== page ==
Friday 26 November 2010

Where to begin a series?

When reading a series of crime novels, is it necessary to begin at the beginning? In the past, it hardly mattered. Poirot and Sherlock Holmes don’t exactly ‘grow’ as characters. Nor, really, do Father Brown or Gideon Fell or Jane Marple. But Lord Peter Wimsey did develop, in the books featuring Harriet Vane, and Dorothy L. Sayers set the trend for treating detectives as people who would change over time, almost (if not quite) in the way that people do in real life.

Now, it is common for detectives’ lives to change as the series goes on. In fact, many readers love this aspect of a crime series – I do myself. But it raises the question – should one read the stories in the chronological order in which they were written? And to complicate matters, some authors write ‘prequels’.

I have read many crime series, but very few have I read in the order in which they were written. An exception is Ann Cleeves’ books about Jimmy Perez, the Shetland Quartet. And that is a series where, in my opinion (but for reasons I won’t explain – no spoilers here!) it is best to read them in order. Often, though, this is a luxury which a reader does not have. What if the early books are out of print (like my early Harry Devlin books), for instance?

As a rule of thumb, I am relaxed about reading a series out of order, and I think most readers should be. But the author’s side of the bargain is that it’s important to bear new readers in mind even when one is writing, say, book six in a series – one needs to sketch in the backstory, but with great economy, so that spoilers are avoided, and long-time readers do not become bored by repetition.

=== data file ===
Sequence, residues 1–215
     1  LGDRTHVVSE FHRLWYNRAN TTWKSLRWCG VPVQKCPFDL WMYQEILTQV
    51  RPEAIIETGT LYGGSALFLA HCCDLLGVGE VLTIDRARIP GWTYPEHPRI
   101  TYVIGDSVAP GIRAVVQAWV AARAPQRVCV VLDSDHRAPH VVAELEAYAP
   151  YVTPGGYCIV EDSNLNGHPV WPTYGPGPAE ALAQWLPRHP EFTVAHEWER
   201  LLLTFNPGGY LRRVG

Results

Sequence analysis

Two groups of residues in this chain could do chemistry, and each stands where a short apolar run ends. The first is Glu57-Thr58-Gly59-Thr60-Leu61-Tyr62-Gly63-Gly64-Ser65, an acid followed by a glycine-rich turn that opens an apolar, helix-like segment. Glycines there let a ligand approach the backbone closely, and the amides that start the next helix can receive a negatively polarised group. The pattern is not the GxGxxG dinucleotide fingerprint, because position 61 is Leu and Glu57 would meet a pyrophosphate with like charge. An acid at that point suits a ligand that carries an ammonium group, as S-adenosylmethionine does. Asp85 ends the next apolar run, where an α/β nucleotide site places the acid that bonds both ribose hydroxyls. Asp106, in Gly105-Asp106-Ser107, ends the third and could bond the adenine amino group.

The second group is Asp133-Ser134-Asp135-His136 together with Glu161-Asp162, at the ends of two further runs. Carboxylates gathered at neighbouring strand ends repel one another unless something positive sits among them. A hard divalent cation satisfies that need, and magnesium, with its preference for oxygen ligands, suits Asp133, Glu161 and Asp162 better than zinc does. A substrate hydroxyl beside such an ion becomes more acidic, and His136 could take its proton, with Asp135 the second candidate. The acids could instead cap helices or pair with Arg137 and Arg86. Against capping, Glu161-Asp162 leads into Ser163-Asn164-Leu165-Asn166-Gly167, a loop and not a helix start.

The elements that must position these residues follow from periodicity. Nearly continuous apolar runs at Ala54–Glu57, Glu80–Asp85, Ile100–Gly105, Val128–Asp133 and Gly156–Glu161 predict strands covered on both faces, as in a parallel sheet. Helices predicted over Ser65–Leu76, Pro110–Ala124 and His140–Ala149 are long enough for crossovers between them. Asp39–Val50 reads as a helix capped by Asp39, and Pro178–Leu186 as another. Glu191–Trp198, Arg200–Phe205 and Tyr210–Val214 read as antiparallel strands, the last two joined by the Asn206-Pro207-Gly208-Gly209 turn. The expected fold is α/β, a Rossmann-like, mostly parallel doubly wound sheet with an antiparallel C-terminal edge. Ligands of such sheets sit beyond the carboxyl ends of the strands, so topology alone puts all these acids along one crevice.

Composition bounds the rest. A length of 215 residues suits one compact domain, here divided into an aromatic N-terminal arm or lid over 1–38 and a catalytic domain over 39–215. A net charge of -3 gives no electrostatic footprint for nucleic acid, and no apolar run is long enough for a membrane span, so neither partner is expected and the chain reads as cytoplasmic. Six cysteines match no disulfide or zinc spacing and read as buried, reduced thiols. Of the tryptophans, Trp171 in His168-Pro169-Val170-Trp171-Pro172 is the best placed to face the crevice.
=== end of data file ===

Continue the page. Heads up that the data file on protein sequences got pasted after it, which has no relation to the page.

Anonymous said...

Martin - That's such an important question for an author. How to tell the story of a character and have that character grow and change, but the same time, welcome new readers who don't start with "Book 1." I think you do it well with your Lake District series. It's perhaps the fullest experience if one reads them in order, and that is what I suggest to people. But it's not necessary for a real enjoyment of each story.

Bernadette said...

I think I have decided I can't go backwards. So, if I start a series at book 4 then I am highly unlikely to go back and read books 1-3. This is mostly due to experiences where important 'spoilers' for previous stories are given away in subsequent books - often quite legitimately I might add because an author can't ignore major events that have occurred in their ongoing characters' lives but even so when you know what the big surprise it some of the enjoyment is missing from a reading experience.

So I will generally read chronologically/in order these days but I don't always start at the first book or I sometimes read number 1 and then skip a few, especially if it is a new author to me who has a dozen or more books to his or her name.

I must admit to wishing fervently for a few more short series such as the one you mentioned where you know there are only 4 books so even if you discover the author after everyone else you don't have 6 months worth of reading to catch up on (though rumours persist that Jimmy Perez will feature in a 5th book)

lyn said...